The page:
SACRAMENTO, Calif. — A U.S. judge urged Congress and the president to set aside partisan differences on immigration in a ruling that allowed California to enforce some state sanctuary laws but warned that "piecemeal" court decisions were not a long-term solution to the nation's heated immigration debate.
The ruling came Thursday in a lawsuit filed against the state by the Trump administration and continued a pattern of judicial decision-making on key immigration disputes as Democrats and Republicans turn to courts to fight policies.
Judges in recent months have also ruled on the Trump administration's push for a border wall with Mexico and its move to revoke an Obama-era program protecting young immigrants from deportation.
Judge John Mendez ruled Thursday that California could limit police cooperation with immigration officials and require inspections of detention facilities but could not enforce a key part of a third state sanctuary law barring private employers from allowing immigration officials on their premises without a warrant.
In his unusually impassioned opinion, Mendez also urged elected officials to "set aside the partisan and polarizing politics dominating the current immigration debate and work in a cooperative and bi-partisan fashion toward drafting and passing legislation that addresses" the "critical" immigration issue.
"Our nation deserves it. Our Constitution demands it," Mendez said in the opinion dated July 4 and filed Thursday.
Mendez was nominated to the bench by Republican George W. Bush.
California's Democratic Gov. Jerry Brown agreed with the judge. Brown previously said the administration's lawsuit against the state was akin to the U.S. "going to war" against California.
"Only Congress can chart the path forward by rising above mindless, partisan divisions and working together to solve this problem, not exacerbate it," Brown said.
Mendez's ruling on the California laws allowed both sides to claim victory.
"Today the federal court issued a strong ruling against federal government overreach," California Attorney General Xavier Becerra said in a statement. "The Constitution gives the people of California, not the Trump administration, the power to decide how we will provide for our public safety and general welfare."
The U.S. Department of Justice said it was disappointed that two of the laws were "not yet halted," but it called the ruling on the third law a "major victory for private employers in California who are no longer prevented from cooperating with legitimate enforcement of our nation's immigration laws."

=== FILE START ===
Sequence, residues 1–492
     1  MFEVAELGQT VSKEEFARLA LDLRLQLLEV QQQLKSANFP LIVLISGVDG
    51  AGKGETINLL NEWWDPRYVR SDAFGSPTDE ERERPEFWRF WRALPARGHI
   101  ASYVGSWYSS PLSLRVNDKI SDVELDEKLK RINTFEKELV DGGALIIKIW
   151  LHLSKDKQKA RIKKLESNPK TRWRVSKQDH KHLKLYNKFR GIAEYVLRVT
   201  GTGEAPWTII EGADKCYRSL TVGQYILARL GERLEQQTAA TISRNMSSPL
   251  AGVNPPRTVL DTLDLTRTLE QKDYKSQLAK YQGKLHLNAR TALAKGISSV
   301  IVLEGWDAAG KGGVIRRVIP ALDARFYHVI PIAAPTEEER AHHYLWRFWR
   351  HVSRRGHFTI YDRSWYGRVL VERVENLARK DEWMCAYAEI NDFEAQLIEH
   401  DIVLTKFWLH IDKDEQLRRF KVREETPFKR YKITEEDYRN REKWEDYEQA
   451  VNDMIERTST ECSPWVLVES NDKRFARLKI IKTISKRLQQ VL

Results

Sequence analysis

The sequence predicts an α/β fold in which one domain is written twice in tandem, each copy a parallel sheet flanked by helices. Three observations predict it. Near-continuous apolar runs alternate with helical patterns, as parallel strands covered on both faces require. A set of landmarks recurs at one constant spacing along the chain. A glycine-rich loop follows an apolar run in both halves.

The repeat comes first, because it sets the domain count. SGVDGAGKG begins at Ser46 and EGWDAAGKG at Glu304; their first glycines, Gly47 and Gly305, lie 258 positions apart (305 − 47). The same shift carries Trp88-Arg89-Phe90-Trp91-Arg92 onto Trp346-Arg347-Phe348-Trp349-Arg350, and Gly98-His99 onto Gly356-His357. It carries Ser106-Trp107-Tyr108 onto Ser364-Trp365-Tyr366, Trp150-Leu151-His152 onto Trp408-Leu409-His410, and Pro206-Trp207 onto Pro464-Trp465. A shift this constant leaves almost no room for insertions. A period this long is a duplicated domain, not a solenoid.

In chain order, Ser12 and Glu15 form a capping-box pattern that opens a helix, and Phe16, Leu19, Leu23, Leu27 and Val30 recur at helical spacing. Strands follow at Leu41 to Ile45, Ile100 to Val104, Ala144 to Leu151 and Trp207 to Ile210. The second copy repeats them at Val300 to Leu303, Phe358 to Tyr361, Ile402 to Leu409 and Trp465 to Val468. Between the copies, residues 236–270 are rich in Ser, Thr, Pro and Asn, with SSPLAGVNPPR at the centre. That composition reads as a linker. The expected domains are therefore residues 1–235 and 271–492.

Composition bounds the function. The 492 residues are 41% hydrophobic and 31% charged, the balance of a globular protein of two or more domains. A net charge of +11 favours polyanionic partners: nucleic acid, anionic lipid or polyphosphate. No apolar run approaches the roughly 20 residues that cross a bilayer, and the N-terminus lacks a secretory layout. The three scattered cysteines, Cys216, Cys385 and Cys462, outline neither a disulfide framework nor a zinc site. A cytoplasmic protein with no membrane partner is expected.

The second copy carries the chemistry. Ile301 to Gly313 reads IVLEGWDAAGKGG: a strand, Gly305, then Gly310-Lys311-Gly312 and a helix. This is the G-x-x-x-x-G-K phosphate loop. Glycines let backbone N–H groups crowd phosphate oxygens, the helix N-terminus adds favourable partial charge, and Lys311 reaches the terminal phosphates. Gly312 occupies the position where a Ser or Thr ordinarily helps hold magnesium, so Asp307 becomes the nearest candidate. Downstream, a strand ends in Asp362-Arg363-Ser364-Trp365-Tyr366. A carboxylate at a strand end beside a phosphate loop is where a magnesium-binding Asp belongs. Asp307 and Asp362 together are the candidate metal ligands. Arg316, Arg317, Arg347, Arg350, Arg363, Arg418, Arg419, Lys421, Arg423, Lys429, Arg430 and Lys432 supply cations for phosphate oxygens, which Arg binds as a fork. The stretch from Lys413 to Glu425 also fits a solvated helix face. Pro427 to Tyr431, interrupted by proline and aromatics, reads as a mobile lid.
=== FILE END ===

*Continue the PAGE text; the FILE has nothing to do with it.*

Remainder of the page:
The agency "will continue to seek out and fight unjust policies that threaten public safety," DOJ spokesman Devin O'Malley said in a statement.
The administration filed suit in March to block the laws, continuing its efforts to crackdown on so-called sanctuary jurisdictions that it says allow criminals to stay on the streets.
California has resisted the administration's effort to restrict funding to sanctuary jurisdictions if they refuse to help federal agents detain and deport immigrants. Overall, the state has sued the administration more than 50 times, mostly over immigration and environmental decisions.
The lawsuit considered by Mendez argued that the U.S. Constitution gives the federal government pre-eminent power to regulate immigration, and California can't obstruct enforcement efforts.
California said in court documents that the administration was trying to assume powers that have long been understood to belong to states and could not show that California's policies were causing harm.
Passage of the three laws followed President Donald Trump's promises to ramp up deportations.
Mendez said in Thursday's ruling that the federal government's request for a preliminary injunction presented "unique and novel constitutional issues."
"Deciding these critical issues requires this court to determine the proper balance between the twin powers of California and the United States," he wrote.
The law requiring inspections of detention facilities where immigrants are held did not "impose any substantive requirements upon detention facilities," the judge said.
"For all its bark, the law has no real bite," he wrote.
The measure preventing law enforcement from providing release dates and personal information of jail inmates — information administration officials say they need to safely remove dangerous people who are in the country illegally — is not an obstacle to federal immigration enforcement efforts, Mendez said.
The judge said "refusing to help is not the same as impeding."
But subjecting employers to monetary penalties solely because they allow immigration agents into their places of business or give them access to employment records discriminates against those who choose to deal with the federal government, the judge said.
Mendez also blocked another part of that law that prohibited employers from checking whether existing employees are authorized to work in the U.S. He left in place, however, a provision requiring employers to notify workers within 72 hours of receiving a notice of inspection from an immigration enforcement agency.
The state had asked Mendez to dismiss the lawsuit. The judge did not immediately rule on that request.